The Countdown to Mars Begins

AP Photo/Kirsty Wigglesworth, Pool

Elon Musk said Sunday that SpaceX is just three years from sending its Starship — the biggest, most powerful rocket ever — to Mars.

And the unofficial countdown begins in about one month.


The SpaceX CEO held a five-hour-long livestream on Sunday, complete with directly answering questions from the live chat. Musk revealed more interesting information during that time than most CEOs do during their entire tenure but perhaps none more interesting than his ambitious timeline for getting to Mars, building a self-sustaining human colony there, and the radically capable spaceship tasked with making it happen.

ASIDE: I still believe that, at least for now, space habitats make much more sense for off-world living than trying to terraform Mars. But I don't have the world's most advanced and ambitious rocket company and Elon Musk does.

If you haven't been following my columns on Starship development, I'll give you a quick rundown on the first four flight tests.

In April 2023, the goal of Integrated Flight Test-1 (IFT-1) was, as Musk put it, "to clear the launch tower." IFT-1 not only cleared the launch tower but the first stage (Super Heavy) engines were so powerful that they blew up the launch pad. The debris knocked out several engines, and the rocket was remotely destroyed before reaching orbit.

We had to wait seven months for IFT-2. That flight tested Starship's new hot-staging separation, the first stage's boost-back burn, and the heavily reinforced new launch pad. Despite another RUD, IFT-2 hit all its goals.


IFT-3 flew in March — just a five-month wait! — with a more ambitious flight profile that included getting the second stage into orbit. Also tested was the first stage's ability to relight its engines for landing. Another test passed.

Just three months passed before IFT took off on June 6. You can read full coverage here, but the upshot is that IFT-4 proved that both stages can not only launch but also land for reuse.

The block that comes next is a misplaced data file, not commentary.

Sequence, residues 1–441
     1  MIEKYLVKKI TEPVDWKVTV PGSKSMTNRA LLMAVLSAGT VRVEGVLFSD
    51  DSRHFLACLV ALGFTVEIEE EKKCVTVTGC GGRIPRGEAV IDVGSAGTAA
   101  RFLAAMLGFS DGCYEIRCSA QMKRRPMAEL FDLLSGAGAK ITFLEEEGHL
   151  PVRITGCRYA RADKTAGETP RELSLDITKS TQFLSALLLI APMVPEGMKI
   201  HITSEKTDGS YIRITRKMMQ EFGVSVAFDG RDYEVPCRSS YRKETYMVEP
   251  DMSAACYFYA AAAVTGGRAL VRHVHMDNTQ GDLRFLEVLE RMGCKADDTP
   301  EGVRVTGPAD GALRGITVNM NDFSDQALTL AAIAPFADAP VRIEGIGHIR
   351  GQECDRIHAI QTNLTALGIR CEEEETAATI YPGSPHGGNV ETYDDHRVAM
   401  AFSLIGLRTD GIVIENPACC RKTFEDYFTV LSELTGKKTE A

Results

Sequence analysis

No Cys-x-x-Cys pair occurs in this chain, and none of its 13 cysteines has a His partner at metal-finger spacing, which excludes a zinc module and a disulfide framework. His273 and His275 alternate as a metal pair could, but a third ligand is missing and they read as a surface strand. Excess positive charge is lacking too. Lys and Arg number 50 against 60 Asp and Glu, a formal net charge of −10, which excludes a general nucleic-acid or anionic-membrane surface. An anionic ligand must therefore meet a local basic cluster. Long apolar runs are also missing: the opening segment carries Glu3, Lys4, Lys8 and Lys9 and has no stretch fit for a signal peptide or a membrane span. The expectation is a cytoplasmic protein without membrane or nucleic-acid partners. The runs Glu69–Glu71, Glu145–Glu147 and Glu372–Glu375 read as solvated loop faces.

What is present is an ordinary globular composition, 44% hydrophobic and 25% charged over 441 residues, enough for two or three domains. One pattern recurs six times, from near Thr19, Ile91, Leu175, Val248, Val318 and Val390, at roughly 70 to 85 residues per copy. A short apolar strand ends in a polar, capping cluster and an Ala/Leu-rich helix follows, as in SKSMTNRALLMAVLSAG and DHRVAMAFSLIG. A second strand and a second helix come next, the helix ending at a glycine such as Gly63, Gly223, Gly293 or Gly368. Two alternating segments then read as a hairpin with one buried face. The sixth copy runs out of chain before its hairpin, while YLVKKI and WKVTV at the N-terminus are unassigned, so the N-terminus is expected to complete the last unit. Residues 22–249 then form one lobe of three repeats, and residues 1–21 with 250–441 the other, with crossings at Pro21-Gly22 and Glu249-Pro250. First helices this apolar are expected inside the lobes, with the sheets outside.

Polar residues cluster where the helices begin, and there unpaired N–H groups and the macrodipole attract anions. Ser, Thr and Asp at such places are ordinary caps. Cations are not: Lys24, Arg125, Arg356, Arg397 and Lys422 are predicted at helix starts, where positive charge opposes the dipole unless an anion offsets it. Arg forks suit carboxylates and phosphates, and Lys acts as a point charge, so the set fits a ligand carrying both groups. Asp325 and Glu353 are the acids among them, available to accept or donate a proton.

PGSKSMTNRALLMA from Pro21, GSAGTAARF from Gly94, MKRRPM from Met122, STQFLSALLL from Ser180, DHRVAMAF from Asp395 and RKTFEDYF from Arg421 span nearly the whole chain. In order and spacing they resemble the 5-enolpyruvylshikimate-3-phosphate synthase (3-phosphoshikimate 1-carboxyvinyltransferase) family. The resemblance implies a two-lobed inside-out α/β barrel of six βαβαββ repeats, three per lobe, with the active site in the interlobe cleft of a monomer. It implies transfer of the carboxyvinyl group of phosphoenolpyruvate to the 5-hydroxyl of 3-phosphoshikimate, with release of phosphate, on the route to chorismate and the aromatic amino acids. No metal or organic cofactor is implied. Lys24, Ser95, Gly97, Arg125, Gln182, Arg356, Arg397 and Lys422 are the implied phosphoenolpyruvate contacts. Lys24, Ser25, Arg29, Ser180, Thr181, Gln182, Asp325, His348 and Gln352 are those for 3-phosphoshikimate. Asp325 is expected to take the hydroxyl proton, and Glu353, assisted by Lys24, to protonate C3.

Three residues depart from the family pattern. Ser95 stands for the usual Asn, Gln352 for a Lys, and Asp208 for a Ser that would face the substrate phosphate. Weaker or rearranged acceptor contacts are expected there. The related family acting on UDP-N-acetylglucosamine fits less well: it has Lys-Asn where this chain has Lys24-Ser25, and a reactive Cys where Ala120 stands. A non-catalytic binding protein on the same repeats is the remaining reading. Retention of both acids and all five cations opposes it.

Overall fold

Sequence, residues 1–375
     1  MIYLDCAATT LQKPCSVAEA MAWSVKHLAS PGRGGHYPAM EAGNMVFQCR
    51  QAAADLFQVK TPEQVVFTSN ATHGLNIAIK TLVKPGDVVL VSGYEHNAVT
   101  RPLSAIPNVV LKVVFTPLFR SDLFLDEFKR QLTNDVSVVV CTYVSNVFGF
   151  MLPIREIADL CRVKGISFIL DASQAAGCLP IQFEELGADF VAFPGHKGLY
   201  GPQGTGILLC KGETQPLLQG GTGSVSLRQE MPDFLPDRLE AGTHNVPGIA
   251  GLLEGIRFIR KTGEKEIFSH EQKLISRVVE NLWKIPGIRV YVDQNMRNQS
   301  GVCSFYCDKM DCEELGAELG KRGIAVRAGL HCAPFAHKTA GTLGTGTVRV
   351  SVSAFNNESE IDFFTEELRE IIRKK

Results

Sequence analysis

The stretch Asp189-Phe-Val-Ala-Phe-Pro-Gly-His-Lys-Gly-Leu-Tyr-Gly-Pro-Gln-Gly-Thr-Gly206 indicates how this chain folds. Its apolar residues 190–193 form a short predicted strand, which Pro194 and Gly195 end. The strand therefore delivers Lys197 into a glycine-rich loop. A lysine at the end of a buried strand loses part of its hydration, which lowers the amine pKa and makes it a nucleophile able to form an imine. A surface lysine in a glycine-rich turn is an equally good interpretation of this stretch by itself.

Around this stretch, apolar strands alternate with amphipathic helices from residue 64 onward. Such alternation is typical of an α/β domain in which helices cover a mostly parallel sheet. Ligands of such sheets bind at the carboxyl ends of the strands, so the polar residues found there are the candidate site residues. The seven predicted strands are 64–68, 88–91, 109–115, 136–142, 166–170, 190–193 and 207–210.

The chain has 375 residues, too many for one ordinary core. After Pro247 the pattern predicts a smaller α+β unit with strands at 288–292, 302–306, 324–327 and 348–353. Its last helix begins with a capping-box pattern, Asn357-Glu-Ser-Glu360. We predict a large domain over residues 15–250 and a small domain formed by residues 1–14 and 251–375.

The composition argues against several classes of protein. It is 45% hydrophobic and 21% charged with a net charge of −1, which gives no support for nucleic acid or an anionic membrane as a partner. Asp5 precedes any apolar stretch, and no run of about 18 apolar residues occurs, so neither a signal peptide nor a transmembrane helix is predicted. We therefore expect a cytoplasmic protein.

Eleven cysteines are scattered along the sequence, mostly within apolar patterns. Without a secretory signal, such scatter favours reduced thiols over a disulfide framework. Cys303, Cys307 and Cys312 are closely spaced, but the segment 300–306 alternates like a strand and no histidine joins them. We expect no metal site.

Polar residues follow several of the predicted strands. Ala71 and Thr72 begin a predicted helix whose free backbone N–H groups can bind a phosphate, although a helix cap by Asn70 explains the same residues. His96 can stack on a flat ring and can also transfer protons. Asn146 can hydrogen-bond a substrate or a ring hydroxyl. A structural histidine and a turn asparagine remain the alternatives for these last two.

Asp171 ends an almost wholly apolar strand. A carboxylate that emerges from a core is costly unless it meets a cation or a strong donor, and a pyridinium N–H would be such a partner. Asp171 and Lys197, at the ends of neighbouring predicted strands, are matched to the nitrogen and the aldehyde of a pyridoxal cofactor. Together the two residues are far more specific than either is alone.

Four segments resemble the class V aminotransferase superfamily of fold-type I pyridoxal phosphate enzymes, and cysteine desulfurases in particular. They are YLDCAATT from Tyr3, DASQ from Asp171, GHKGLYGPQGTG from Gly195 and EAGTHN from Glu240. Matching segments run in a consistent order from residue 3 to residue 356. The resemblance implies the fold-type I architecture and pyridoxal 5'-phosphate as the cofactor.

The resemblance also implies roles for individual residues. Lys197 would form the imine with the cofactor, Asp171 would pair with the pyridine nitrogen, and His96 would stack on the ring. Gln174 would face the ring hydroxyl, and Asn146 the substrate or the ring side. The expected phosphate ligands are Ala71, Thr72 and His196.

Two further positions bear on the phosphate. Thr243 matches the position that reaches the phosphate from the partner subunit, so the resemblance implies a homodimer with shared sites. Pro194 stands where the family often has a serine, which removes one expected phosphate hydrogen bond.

In each IFT, flaws were found and corrected.

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Musk said Sunday that IFT-5 will be ready to fly in one month, including stronger heat tiles. But the only way to make a Mars colony economically feasible is through rapid reuse. Imagine a launch vehicle far more powerful than the Apollo program's Saturn V that isn't just reusable but could be turned around for its next flight in hours.

A Space Shuttle was lucky to fly two missions in a year. Musk hopes to fly each Starship twice a day. That's where costs come down to perhaps as low as $2 million, and a ticket to space will be about the same as first-class on a flight to Europe or the Far East.

That's where Mechazilla comes in.


Now that IFT-4 proved that Super Heavy can land, IFT-5 will test whether Super Heavy can be caught in a pair of massive chopsticks built into the Mechazilla launch tower.

If it works, someday soon Super Heavy will launch the Ship into orbit and, five minutes later, will be right back on the same launch pad, ready for a quick inspection and refuel. A returning second stage will also get moved into position by Mechazilla, placing it neatly atop an available Super Heavy.

SpaceX pioneered reusable rockets with Falcon 9. Now they're going to automate it.

Musk says three years to Mars, but I say that Musk tends to be a bit (let me be generous with my word choice) optimistic with his timelines. Like the old joke — Brazil is the superpower of the future... and always will be — Tesla's genuine full-self-driving mode is always just one or two software updates away.

Yet I still might place a modest bet — say, $100 — that SpaceX reaches Mars before NASA gets back to the Moon. Whoever wins the race, the countdown begins in about a month.



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